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Ornette Coleman

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Early on in his career, alto saxophonist Ornette Coleman, recorded an album entitled, The Shape of Jazz To Come. It might have seemed like an expression of youthful arrogance - Coleman was 29 at the time - but actually, the title was prophetic. Coleman is the creator of a concept of music called "harmolodic," a musical form which is equally applicable as a life philosophy. The richness of harmolodics derives from the unique interaction between the players. Breaking out of the prison bars of rigid meters and conventional harmonic or structural expectations, harmolodic musicians improvise equally together in what Coleman calls compositional improvisation, while always keeping deeply in tune with the flow, direction and needs of their fellow players. In this process, harmony becomes melody becomes harmony. Ornette describes it as "Removing the caste system from sound." On a broader level, harmolodics equates with the freedom to be as you please, as long as you listen to others and work with them to develop your own individual harmony.

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Article: Album Review

Joe Harriott: Chronology: Live 1968 - 69

Read "Chronology:  Live 1968 - 69" reviewed by Chris May


One of not-for-profit archive label Jazz In Britain's first releases in early 2020--then only on vinyl, but in summer 2021 reissued on CD—the Jamaican-born alto saxophonist and composer Joe Harriott's Chronology Live 1968—69 is also of interest for the spotlight it throws on another player who moved from his homeland to London in the 1950s, the ...

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Article: Interview

Dave McMurray: Blowing on the Edge of Grate-ness

Read "Dave McMurray: Blowing on the Edge of Grate-ness" reviewed by Lawrence Peryer


Saxophonist Dave McMurray's discography is reflective of the musical melting pot of his hometown jny: Detroit. Dave came up playing with everyone from bluesman Albert King, pianist Geri Allen, even Kid Rock. He is most known for his decades-long association with eclectic producer, and Blue Note label President, Don Was. Through Was, ...

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Article: Radio

Miguel Zenón: Sounds of Home and Heroes

Read "Miguel Zenón: Sounds of Home and Heroes" reviewed by Russell Perry


In the last hour, we heard from Rudresh Mahanthappa who, together with Miguel Zenón, has dominated the critics polls for alto players over the past decade Like Mahanthappa, Zenon brings his heritage into the mix featuring the music of Puerto Rico as not just an influence, but an inspiration. Also like Mahanthappa, he pays tribute to ...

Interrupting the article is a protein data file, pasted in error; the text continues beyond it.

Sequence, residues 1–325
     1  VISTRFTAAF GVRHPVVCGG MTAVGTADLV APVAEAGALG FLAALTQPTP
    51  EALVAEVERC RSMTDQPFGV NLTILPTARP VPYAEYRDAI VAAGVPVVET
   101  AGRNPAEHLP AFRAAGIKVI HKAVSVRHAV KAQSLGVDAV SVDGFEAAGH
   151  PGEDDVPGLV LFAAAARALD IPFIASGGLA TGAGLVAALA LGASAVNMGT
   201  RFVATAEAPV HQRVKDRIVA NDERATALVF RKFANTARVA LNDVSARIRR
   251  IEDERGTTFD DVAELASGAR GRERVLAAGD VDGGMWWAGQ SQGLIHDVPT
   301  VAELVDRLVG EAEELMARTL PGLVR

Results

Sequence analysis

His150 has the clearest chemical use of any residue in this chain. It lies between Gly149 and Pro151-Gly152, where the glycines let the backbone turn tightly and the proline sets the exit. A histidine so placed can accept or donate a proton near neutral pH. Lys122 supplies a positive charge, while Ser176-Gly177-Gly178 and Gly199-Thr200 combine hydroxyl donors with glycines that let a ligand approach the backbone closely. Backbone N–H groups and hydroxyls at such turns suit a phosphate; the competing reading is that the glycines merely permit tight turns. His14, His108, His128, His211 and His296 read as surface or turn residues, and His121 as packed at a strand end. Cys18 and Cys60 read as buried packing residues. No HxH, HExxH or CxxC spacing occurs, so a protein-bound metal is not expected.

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Article: Album Review

Dmitry Baevsky: Soundtrack

Read "Soundtrack" reviewed by David A. Orthmann


A collection of songs, some of which are likely to be included in aficionados' play lists; interpretations that don't stray very far off the beaten path; and a band of players who share a vision of how the material should be handled. It's the recipe for many recordings—past, present and future— within the mainstream of jazz. ...

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Article: Interview

A Conversation with Amiri Baraka

Read "A Conversation with Amiri Baraka" reviewed by Lazaro Vega


From the 1995-2003 archive: This article first appeared at All About Jazz in November 1999. All About Jazz: I'm just really happy to see that in the last year or so you've become a much more public figure outside of academia through the recording with Hugh Ragin, Afternoon in Harlem on Justin-time, that When ...

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Article: Radio

Rudresh Mahanthappa: Sounds of Home and Heroes

Read "Rudresh Mahanthappa: Sounds of Home and Heroes" reviewed by Russell Perry


In the 13 years since 2008, the alto saxophone award in the annual Jazz Journalists Association awards program has gone to either Rudresh Mahanthappa or Miguel Zenón ten times. Despite having very different sounds and approaches to the saxophone, their creative paths have much in common. Both began recording around the turn of the century. Both ...

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Article: Album Review

Cortex: Legal Tender

Read "Legal Tender" reviewed by Mark Corroto


The Norwegian quartet Cortex answers the question, what would have happened if the Wynton Marsalis and Branford Marsalis, had advanced the jazz canon instead of looking backwards for inspiration. Remember when the two young lions burst onto the scene in the 1980s with their self-righteous mission to save jazz? They did so by stuffing it, much ...

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News: Recording

Ireland's Adam Nolan Trio To Release 'Prim And Primal' On August 19, 2021

Ireland's Adam Nolan Trio To Release 'Prim And Primal' On August 19, 2021

Prolific saxophonist Adam Nolan will soon release his latest trio album featuring Irish jazz musicians Derek Whyte (double bass) and Dominic Mullan (drums). The concept is of two jazz personalities, the polite humble sweet sounding, and the aggressive wild punk rebel. Each track is a visceral experience combining fantastical imagery and unique scenarios. Before each piece ...

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Article: Album Review

Will St Peter - Steven Heffner - Steve Barnes: Honestly

Read "Honestly" reviewed by Jack Bowers


Smooth can be charming. Mellow likewise. And the same can be said for easygoing. On Honestly, guitarist Will St Peter's trio presents an hour of smooth, mellow, easygoing jazz that is both charming and tasteful. There are few fireworks here, simply three accomplished musicians calmly yet firmly expressing their collaborative point of view. ...


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